Cara Szkudlapski sits on her overstuffed blue couch in her downtown apartment, comfortable in sweatpants and an oversized Big Ten Championship shirt, a heavy gray blanket draped over her legs. She plugs her earbuds into her laptop and heads to YouTube with a purpose.
Szkudlapski is looking for videos that trigger her Autonomous Sensory Meridian Response, also known as ASMR.
What is ASMR? The videos consist of “triggers,” pleasing sounds or visuals that cause the viewer to feel relaxed, sleepy and even tingly on the scalp or limbs. ASMR can also help with insomnia, anxiety, depression and other mental ailments, which may explain why many college-aged people use these videos to deal with stress.
“I use it when I can’t fall asleep at night and I need to relax,” said junior athletic training major Szkudlapski. “Your body just relaxes.”
ASMR has taken over the internet, primarily YouTube. The content creators, or “ASMRtists” have millions of subscribers and billions of views between them. Many people who have ASMR, or the ability to respond to the triggers, can’t put the name ASMR to what they feel when responding to the noises.
Junior psychology major Henessys Paulino watched a famous painter that relaxed her before she was aware of what was happening. “I actually watched Bob Ross videos, and then my friend was like, ‘You like Bob Ross? You should look at ASMR videos on YouTube,'” said Paulino.
Szkudlapski said that her roommate showed her the previous year, and she has been hooked ever since.
While watching the videos can have a soothing result during viewing, they do not offer long-term solutions for mental health. Most ASMRtists put this in the descriptions of their videos and advise seeking professional help if the viewer is struggling.
Paulino said that she believes it has valuable short-term effects, like when she needs to fall asleep, but relying solely on viewing it is not a viable long-lasting plan. “I’m not just not anxious all the time because of ASMR,” said Paulino.
Many popular videos include whispering or soft speaking or tapping on surfaces. Other videos are role plays. The viewer may be made to feel as though they are being tucked into bed or having their hair brushed. For many, ASMR can simulate childhood experiences, thus adding a feeling of comfort or security. Several videos appeal directly to college students, including positive affirmations about taking exams or even job interviews.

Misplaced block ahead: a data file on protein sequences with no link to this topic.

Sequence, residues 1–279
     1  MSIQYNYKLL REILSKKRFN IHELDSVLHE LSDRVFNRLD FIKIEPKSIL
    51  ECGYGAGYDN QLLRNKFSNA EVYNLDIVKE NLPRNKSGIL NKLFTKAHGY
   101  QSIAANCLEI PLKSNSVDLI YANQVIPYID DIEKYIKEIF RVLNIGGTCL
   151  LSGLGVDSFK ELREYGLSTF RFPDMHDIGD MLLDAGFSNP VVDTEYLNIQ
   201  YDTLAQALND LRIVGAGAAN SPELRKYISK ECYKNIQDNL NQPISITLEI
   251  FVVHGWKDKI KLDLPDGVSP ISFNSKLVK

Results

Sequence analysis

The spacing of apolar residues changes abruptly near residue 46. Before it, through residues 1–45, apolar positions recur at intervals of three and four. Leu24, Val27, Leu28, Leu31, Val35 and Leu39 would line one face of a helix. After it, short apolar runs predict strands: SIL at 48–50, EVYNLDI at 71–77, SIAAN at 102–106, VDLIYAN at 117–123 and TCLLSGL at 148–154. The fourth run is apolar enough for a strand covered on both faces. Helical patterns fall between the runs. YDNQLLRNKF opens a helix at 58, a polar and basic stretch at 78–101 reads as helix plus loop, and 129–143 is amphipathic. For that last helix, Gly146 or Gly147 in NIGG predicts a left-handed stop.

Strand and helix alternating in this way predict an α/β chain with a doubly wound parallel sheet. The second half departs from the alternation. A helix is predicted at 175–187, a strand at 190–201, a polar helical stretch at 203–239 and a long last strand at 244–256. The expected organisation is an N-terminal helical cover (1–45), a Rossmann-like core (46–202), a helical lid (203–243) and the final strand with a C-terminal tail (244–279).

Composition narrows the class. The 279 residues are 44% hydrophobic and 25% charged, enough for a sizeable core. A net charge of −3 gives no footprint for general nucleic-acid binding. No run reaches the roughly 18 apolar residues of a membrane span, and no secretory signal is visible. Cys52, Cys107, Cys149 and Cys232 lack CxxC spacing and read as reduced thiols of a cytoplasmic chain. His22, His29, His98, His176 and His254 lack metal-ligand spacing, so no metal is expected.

“When you’re falling asleep, you can feel the physical effects of it, and I obviously fall asleep,” said Szkudlapski. “If it’s not playing, it’s not going to work.”
Junior human development and family studies major Matilda Coolick said that while many of her acquaintances use and enjoy ASMR, she does not feel the same attraction. She said that the main triggers do not work for her. “I’m not a big whisper fan,” Coolick said. “That freaks me out that someone sounds that close to my personal space.”
Coolick, who has dealt with her own bouts of depression, said that she does believe the videos can offer healing properties for others. “I think if you are someone with short attention, it’s a way to bring you back and calm you down,” said Coolick.
Many ASMRtists have dabbled in making videos for children who may have trouble falling asleep, experiencing depression or are dealing with trauma. Coolick is minoring in child maltreatment and advocacy studies and said that she believes these videos could help kids. “I think it would be really good for kids who are hyperactive because it gives them something to focus on,” said Coolick.
For stressed out college kids and elementary school kids alike, anyone can find a video for everyone out there. Maria, better known as GentleWhispering on YouTube, said, “It’s simply a matter of finding the trigger that speaks to you.”